23 July 2018
Tai Long Sai Wan in Sai Kung was the scene of an ugly spat between a village chief and a speedboat operator over the weekend. Photo: HKEJ
Tai Long Sai Wan in Sai Kung was the scene of an ugly spat between a village chief and a speedboat operator over the weekend. Photo: HKEJ

Police called in amid row over smashed coastal fence in Sai Wan

A dispute between a village chief in Sai Kung and the female owner of a speedboat services firm became so heated over the weekend that police had to be called in.

On Saturday, the head of a rural community in Sai Wan, an area famous for its beautiful beaches, confronted a speedboat operator after finding a fishnet barricade along the coastline damaged.

The village chief, a person surnamed Lai, complained that a speedboat belonging to the firm had smashed into a fishnet that had been set up to prevent vessels from picking up customers illegally.

The owner of the firm — an entity named Cheong Kei — refuted the charges, saying none of her vessels was involved in the alleged incident.

But the village chief insisted that Cheong Kei was responsible for the damage, sparking a war of words with the owner of the boat services firm.

As the quarrel intensified and threated to go out of hand, some passersby called the police.

Officers from the police’s Organized Crime and Triad Bureau arrived at the scene and tried to mitigate the bickering, news website reports.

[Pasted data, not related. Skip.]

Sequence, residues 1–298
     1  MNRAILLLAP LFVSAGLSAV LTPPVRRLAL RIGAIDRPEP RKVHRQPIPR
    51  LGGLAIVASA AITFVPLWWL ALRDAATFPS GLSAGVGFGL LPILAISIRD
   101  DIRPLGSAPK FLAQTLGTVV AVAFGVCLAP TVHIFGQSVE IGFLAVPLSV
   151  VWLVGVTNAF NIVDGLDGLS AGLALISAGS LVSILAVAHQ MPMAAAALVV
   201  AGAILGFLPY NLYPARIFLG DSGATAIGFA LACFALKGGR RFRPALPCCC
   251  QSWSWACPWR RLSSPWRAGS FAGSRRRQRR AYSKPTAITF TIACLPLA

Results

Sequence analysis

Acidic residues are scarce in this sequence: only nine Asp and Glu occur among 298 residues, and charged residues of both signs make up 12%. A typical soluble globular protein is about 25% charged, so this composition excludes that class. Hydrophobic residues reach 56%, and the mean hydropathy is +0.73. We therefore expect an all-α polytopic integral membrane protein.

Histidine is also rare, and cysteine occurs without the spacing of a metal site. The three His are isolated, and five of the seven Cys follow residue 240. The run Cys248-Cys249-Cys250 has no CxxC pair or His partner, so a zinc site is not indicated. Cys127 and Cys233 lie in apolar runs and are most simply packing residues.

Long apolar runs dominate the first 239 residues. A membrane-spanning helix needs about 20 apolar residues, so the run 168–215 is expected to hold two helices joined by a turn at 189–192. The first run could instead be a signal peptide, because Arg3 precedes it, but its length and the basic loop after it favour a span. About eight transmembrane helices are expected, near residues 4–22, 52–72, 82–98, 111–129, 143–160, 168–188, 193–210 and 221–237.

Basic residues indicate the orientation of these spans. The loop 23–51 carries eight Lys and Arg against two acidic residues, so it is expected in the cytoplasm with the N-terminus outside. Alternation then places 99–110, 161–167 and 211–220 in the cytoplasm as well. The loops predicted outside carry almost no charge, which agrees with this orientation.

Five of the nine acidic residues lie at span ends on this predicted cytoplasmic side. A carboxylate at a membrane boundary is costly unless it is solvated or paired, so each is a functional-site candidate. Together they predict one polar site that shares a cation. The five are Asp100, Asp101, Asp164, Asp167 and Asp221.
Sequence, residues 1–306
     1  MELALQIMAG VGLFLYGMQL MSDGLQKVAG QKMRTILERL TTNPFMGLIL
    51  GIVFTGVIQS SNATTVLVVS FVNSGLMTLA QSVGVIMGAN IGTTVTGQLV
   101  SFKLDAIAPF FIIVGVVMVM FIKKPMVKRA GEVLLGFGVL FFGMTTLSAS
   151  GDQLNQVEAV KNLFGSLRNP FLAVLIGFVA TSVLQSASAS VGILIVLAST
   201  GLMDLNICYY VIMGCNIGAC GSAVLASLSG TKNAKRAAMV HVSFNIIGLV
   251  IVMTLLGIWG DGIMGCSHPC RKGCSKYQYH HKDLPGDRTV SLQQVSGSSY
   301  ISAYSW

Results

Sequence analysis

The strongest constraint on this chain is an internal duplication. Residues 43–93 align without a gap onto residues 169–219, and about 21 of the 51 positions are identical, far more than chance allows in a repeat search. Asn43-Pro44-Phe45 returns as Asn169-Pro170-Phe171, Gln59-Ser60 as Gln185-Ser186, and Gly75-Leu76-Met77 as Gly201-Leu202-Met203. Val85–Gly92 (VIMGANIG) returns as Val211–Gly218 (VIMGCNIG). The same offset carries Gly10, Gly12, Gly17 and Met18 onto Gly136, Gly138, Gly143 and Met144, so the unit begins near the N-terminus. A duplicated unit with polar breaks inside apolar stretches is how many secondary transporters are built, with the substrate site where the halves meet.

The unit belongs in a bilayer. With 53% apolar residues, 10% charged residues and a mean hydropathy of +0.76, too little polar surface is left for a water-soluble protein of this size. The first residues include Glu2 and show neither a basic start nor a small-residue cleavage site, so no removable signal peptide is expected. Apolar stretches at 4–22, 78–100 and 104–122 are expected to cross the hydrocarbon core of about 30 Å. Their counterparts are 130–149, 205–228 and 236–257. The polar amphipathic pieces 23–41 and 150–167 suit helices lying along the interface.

Lai told the police that he is entitled to fence off the beach as he has the authority to do so, and that Cheong Kei has breached an agreement.

According to Lai, Cheong Kei began its service several years ago, charging HK$150 for each speedboat passenger. Local villagers later did the same business.

But Cheong Kei later cooperated with several other companies to provide the same service and tried to lure customers with fares ranging from HK110 to HK$130, Apple Daily reports.

The undercutting practice angered the villagers, prompting their chief to fence off the beach by putting fish nets 300 meters off the shore.

Cheong Kei’s owner, a woman surnamed Cheong, denied that her company had damaged the fishnets.

Meanwhile, she took issue with the practice of erecting a barricade along the coast, arguing that putting up such fishnets can endanger the safety of swimmers.

Apple Daily notes that the quarrel was not surprising, given that speedboat business has become a very lucrative operation as Tai Long Sai Wan has been a favorite recreational spot for many people.

A boat with 20 passengers can rake in HK$2,400 for each trip at the fare of HK$120 per person, and a service provider can easily make more than HK$20,000 a day.

Following the latest incident, the police have listed the case as one involving criminal damage. However, no one has been arrested.

The Transport Department, meanwhile, said it will ask related authorities to follow up on any suspected illegal speedboat services in the area.

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